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Home » Miscellaneous, Sh'lach L'chah

Shlach: Gradual Growth

Submitted by on June 25, 2016 – 11:13 pmNo Comment | 2,877 views

The Struggle

In Canada and the US, this is the season of liberty as both celebrate Independence Day this week. Canada won its independence peacefully, but for the US it was a long struggle, one that proved beyond doubt that all growth is gradual.

The Colonists’ principle complaint against Great Britain was taxation without representation. Great Britain prided itself on the maxim, “No man shall be taxed, but by his own consent,” and yet felt no compunction about taxing the colonies without allowing them representation in parliament.

Addressing the House of Commons in a vigorous debate, noted political philosopher, Edmund Burke noted, “to prove that the Americans ought not to be free, we are obliged to depreciate the value of freedom itself; and we never seem to gain a paltry advantage over them in debate, without attacking some of those principles, or deriding some of those feelings, for which our ancestors have shed their blood.”[1]

King George III and his government certainly had a blind side when it came to freedom. They championed freedom and equality, but only for those they deemed worthy. This blind side was roundly criticized in the Colonies, who had their own blindside. Their self-evident and inalienable rights to liberty and the pursuit of happiness were denied to the American woman and to the black man.

Seismic shifts in perspective come in stages. When a radically new idea is proposed, we might embrace it because on its merits, but we don’t immediately realize its full application. It took Great Britain a full century and a half to acknowledge that the colonies were worthy of independence. It would take yet another century before the same would be offered to Canada. Not surprisingly, the same was true for the Colonists. It took nearly a century to free the slaves, another half century to grant women the right to vote, and another half century to secure full civil rights. This goes to show, that growth is gradual. Galactic paradigm shifts, take root over time.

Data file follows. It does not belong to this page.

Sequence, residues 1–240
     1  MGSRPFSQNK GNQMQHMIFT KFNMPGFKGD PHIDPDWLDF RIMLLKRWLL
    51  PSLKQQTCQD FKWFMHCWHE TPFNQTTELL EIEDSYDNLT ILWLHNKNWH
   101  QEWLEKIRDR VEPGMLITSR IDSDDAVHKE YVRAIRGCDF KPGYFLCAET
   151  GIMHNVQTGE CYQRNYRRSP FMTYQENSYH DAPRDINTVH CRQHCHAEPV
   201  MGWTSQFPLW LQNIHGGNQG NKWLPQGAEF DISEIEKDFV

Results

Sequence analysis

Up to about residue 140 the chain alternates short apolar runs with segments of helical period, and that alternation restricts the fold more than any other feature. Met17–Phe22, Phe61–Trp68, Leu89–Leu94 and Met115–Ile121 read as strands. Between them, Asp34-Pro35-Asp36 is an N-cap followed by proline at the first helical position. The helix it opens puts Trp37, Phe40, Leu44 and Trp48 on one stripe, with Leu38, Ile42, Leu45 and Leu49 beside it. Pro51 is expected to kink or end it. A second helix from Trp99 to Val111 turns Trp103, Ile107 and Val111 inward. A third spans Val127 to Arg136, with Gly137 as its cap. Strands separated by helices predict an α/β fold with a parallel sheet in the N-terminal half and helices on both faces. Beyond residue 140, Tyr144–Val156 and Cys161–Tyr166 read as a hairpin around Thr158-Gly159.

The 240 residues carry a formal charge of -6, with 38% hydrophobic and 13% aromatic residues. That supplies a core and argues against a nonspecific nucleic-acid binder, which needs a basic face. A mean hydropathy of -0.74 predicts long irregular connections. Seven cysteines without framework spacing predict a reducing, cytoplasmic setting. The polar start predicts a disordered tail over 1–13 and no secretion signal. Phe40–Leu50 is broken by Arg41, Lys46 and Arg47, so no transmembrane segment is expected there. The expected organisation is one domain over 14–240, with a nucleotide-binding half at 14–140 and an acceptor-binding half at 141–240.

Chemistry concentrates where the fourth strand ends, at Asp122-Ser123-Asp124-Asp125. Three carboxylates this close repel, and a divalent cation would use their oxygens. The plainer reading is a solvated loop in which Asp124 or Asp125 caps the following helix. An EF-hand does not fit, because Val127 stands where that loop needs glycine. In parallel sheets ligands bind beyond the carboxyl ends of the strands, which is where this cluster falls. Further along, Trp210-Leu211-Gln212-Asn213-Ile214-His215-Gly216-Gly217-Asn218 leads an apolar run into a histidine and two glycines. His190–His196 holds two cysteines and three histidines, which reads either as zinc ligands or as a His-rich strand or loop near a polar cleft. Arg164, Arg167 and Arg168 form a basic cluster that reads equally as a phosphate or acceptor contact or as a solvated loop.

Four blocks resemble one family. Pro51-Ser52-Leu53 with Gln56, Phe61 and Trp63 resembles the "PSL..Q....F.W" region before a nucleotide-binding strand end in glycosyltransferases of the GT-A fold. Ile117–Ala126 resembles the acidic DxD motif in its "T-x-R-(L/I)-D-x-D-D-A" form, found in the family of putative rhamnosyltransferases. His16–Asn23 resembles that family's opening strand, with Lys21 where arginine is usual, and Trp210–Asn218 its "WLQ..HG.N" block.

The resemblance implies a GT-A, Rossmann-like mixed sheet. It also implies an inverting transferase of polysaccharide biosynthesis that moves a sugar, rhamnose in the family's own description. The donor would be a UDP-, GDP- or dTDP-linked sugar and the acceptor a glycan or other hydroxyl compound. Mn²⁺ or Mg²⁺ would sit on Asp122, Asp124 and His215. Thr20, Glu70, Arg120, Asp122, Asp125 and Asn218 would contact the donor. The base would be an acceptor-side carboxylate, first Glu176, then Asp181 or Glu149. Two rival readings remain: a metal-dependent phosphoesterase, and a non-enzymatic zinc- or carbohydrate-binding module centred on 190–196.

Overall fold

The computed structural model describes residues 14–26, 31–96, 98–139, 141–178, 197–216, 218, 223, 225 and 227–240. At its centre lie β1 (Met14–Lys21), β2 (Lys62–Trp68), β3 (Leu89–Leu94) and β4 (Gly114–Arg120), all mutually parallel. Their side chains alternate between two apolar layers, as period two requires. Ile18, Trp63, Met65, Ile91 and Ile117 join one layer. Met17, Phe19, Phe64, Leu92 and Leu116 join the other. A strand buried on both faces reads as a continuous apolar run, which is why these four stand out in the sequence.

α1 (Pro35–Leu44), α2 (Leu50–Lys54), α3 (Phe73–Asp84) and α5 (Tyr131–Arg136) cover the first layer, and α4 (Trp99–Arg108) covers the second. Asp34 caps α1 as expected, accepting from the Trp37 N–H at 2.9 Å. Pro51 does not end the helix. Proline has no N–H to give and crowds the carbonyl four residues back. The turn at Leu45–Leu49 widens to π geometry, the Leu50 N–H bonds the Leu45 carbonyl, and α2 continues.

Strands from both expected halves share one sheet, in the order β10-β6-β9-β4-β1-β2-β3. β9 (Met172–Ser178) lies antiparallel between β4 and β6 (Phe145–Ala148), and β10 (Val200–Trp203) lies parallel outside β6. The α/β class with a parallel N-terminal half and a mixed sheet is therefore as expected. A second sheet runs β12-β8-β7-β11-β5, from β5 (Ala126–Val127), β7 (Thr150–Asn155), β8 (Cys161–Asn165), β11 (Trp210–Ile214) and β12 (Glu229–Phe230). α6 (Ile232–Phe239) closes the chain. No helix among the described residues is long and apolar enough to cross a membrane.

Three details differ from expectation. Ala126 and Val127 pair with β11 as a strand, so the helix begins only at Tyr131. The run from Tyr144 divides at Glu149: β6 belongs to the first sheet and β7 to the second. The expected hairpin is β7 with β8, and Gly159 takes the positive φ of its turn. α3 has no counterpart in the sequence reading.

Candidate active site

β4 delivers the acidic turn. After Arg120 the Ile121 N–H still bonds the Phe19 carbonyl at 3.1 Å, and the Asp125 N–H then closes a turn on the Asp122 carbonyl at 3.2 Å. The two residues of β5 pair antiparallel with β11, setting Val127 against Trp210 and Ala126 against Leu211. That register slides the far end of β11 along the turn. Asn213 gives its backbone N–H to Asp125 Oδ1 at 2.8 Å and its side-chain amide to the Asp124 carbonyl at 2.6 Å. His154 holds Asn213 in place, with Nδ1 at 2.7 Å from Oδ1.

Yet, the Colonists, who saw it in their adversaries, couldn’t discern it in themselves. It is common for those who criticize others to be guilty of selfsame. In another we see fault readily, but in ourselves, we miss it completely.

The Baal Shem Tov taught[2] that this was our sages’ intent when they said “G-d punishes man with and without his knowledge.” G-d arranges for us to meet others with faults similar to ours and when we condemn those others, we also condemn ourselves. The condemnation occurs with our knowledge, we are aware that we have condemned the other, but also without our knowledge because we are unaware that we have condemned ourselves.

The Fallen

This explains a curious biblical episode. Moses sent spies to scout out the land before he led the Jews to Israel. Upon their return, the scouts discouraged the move to Israel, predicting that the Jewish army would fail to conquer the land. To dramatize the strength of the inhabitants, they related that in Israel they encountered the fallen; offspring of the great giants. Who were these fallen giants?

Our sages explained that these were the children of fallen angels. Shortly before the great flood, the angels complained about mankind’s abhorrent behavior. G-d replied that it was wrong for them to judge man’s behavior on earth, while safely ensconced in heaven. The angels offered to be born into human bodies to demonstrate that earthly temptation can be withstood. G-d consented, but the angels were more unethical than humans. These angels were born into giant bodies and it was their offspring that the spies saw. They noted these mighty giants in their report to dissuade the Jews from entering Israel.[3]